What is Interpersonal Psychotherapy?

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Conflicts among people occur because of interpersonal issues that hinder healthy communication. Interpersonal psychotherapy is a treatment plan designed to improve relationships. The goal of this therapy is to recognize the three styles of communication and become a healthy communicator.

Interpersonal psychotherapy is a learning process about how we communicate with one another. This therapy style looks at the three factors of interpersonal relationships, communication, interpretation, and expectation. When any one of these factors isn’t clearly defined or properly conveyed, a breakdown in the interpersonal relationship will begin to occur.

People are social beings who need one another to survive. Since the days of painting on cave walls, we have expressed those needs. As we have advanced, we have come to know the importance of the words we speak, the understanding we possess, and the expectationswe have of others.

What is Interpersonal Psychotherapy?

Interpersonal psychotherapy is a treatment plan for patients looking to improve their personal and social relationships. The goal is to become a better person within society. This is achieved by learning how to express ourselves while respecting others. BetterHelp has a great article on how interpersonal psychotherapy can help. 

Treatment is focused on honesty, clarity, and trust. Sessions address interpersonal issues related to the way we communicate, how we interpret another’s intent, and what we expect from the other person. Interpersonal psychotherapy requires a willingness to step back from your belief system evaluate your role in the conflict.

Interpersonal psychotherapy identifies the patterns of behavior the patient exhibits during interpersonal relationship conflicts. Therapy sessions work toward recognizing which communication style the patient is using and move towards healthy forms of communication. By understanding the different communication styles, the patient will be able to see the behavior patterns in others and respond appropriately.

Communication style results from the insecurities we feel when comparing ourselves to other people. They are built from the confidence we possess in spite of our struggles. We inherit our communication skills from those who teach us. Our style of communication is either healthy and secure or insecure and destructive.

3 Styles of Communication

Like a turtle hiding in their shell to avoid confrontationWithdrawn and quiet to stay clear of dangerCold resentment and passive aggressive angerInsecure and emotionally empty or unresponsiveFearful of abandonmentCreates imagined scenarios of betrayalRequires frequent reassurance from othersDetermined and persistent but prone to extreme emotionsNo fear Stable emotional expressionsConfident of life choices, beliefs, and idealsOpen-minded and willing to actively listen to the needs of others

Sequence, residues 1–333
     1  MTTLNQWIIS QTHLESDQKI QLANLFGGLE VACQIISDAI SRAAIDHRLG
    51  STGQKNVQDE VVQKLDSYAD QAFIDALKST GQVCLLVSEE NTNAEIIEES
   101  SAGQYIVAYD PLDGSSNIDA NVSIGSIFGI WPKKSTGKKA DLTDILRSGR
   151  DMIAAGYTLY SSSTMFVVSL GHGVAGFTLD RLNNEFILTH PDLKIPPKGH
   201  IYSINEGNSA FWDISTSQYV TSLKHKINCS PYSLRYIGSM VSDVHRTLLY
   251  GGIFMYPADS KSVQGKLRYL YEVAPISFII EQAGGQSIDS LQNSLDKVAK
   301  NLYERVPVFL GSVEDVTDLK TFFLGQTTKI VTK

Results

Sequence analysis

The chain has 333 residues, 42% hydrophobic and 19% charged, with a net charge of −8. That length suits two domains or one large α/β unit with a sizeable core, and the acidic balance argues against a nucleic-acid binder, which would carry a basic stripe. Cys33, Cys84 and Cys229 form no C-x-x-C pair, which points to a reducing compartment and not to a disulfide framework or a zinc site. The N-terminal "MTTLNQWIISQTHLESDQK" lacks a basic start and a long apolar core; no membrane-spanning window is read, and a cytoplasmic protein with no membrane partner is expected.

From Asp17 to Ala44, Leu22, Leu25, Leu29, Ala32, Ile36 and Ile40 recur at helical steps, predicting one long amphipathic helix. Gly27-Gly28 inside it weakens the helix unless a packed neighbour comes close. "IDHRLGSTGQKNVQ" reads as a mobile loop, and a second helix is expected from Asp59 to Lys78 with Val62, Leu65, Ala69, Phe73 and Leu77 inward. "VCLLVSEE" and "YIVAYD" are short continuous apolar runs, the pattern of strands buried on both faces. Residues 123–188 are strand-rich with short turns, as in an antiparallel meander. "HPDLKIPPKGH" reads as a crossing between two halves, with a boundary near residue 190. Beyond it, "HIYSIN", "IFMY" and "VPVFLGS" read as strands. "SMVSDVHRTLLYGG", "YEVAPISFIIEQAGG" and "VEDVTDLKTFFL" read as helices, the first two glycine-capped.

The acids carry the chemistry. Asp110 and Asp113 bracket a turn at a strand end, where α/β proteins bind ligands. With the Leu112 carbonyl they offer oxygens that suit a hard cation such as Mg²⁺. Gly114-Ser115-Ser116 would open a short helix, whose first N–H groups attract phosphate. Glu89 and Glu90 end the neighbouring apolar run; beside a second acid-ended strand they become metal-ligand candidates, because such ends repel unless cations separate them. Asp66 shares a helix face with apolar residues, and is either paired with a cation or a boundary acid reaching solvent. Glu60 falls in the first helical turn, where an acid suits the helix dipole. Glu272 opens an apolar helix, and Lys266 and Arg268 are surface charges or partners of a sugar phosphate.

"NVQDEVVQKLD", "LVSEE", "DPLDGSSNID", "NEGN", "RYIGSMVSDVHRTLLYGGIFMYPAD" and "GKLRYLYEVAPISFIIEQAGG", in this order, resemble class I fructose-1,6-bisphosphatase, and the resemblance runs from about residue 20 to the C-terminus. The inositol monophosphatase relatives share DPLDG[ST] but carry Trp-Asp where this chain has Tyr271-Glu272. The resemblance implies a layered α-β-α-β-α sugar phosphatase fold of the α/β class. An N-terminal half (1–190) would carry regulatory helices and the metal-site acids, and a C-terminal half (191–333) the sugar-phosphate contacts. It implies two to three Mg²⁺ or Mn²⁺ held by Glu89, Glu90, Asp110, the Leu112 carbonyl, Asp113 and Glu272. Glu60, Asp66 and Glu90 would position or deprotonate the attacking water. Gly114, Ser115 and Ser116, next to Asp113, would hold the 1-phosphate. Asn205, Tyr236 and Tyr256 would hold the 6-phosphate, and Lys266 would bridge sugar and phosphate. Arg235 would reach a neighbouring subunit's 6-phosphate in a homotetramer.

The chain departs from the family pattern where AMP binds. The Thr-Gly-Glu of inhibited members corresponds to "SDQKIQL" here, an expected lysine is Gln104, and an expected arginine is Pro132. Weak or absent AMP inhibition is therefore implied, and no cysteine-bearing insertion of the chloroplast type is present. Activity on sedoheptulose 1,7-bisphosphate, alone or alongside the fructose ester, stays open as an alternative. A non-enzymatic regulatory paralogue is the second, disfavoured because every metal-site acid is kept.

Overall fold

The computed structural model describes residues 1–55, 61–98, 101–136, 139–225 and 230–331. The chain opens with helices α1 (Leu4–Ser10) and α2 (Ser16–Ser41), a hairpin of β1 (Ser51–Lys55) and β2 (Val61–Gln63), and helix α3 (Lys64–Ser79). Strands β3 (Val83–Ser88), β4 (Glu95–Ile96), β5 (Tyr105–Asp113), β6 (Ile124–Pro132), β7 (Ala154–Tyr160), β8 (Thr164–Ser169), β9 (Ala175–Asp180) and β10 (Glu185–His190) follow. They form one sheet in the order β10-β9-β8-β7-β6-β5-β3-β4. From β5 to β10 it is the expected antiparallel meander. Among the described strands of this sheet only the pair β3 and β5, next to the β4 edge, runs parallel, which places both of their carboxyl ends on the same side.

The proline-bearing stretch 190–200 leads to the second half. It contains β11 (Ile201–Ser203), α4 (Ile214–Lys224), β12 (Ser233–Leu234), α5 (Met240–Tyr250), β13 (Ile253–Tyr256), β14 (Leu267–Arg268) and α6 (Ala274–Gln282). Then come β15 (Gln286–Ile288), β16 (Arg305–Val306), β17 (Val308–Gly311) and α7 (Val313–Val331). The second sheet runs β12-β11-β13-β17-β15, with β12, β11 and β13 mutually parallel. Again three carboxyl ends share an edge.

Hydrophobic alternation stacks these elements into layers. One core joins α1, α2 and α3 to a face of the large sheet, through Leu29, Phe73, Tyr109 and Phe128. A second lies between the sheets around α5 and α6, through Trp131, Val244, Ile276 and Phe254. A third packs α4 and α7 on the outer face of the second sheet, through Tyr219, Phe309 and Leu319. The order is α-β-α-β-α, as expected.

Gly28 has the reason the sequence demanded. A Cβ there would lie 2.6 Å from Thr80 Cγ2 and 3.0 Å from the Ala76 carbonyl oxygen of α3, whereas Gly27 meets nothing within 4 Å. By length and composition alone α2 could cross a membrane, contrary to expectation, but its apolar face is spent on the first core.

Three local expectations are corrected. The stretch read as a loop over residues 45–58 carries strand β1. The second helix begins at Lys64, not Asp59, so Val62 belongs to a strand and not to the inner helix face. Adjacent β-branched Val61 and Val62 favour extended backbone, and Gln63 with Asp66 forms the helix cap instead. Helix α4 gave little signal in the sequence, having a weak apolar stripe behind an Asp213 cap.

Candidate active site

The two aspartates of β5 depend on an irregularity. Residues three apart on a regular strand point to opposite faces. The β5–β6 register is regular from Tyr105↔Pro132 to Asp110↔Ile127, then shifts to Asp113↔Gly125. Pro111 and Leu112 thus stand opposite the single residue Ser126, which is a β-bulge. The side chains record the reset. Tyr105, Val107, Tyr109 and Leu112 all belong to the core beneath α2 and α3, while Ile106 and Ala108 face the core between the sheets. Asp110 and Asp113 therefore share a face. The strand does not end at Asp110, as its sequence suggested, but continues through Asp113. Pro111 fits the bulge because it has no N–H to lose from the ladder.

Phases of Treatment

Interpersonal difficulties interfer with every type of relationship we have with others. These problems evolve from poor communication skills and misreading social cues. The first step in interpersonal psychotherapy is to identify the patterns of communication people use in order to recognize how we are communicating

Phase one is the most challenging step of this treatment because it relies on the patient to be truthful and trusting. This type of therapy will only work if the patient is willing to be open and honest. This is hard for many, since lying and being lied to are the most common tools of previous patterns of communication.

Along with complete honesty and trust, a patient must have the desire and drive to work towards being a better communicator. Life is about give and take but it’s also about balance and boundaries. Only through clear, calm, and respectful communication can we ever expect to meet our need to belong.

The second phase of treatment is designed to help the patient match a new solution to their problem using healthy modes of communicating. The changed response to the old conflict is personalized to fit the individual and the situation. Interpersonal psychotherapy has an end goal of improving the patients quality of life.

This is typically the longest of the three phases due to the complexity of human communication and interaction. Some solutions will be difficult for the patient and others will be more time consuming. Changing our way of thinking and our behavior requires inner strength and dedication.

The final phase of interpersonal psychotherapy has been reached when the patient begins to see results from the new solutions created in phase two. Once one goal is reached successfully, the patient has renewed confidence and is more motivated to continue improving. In addition, the new skills will weave together into the healthy communication style.

Reaching this step of the treatment plan also builds a stronger bond with the therapist. A new found trust of others and a better understanding of self will aid in finding solutions for other interpersonal problems. Success builds upon success which will make tackling the next problem that much easier